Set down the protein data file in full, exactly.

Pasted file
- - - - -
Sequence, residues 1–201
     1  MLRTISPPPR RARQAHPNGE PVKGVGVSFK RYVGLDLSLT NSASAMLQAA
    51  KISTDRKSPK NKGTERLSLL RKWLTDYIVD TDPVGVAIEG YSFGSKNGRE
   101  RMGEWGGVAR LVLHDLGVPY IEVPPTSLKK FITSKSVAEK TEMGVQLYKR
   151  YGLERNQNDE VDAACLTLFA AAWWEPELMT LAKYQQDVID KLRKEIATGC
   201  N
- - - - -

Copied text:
Sequence, residues 1–201
     1  MLRTISPPPR RARQAHPNGE PVKGVGVSFK RYVGLDLSLT NSASAMLQAA
    51  KISTDRKSPK NKGTERLSLL RKWLTDYIVD TDPVGVAIEG YSFGSKNGRE
   101  RMGEWGGVAR LVLHDLGVPY IEVPPTSLKK FITSKSVAEK TEMGVQLYKR
   151  YGLERNQNDE VDAACLTLFA AAWWEPELMT LAKYQQDVID KLRKEIATGC
   201  N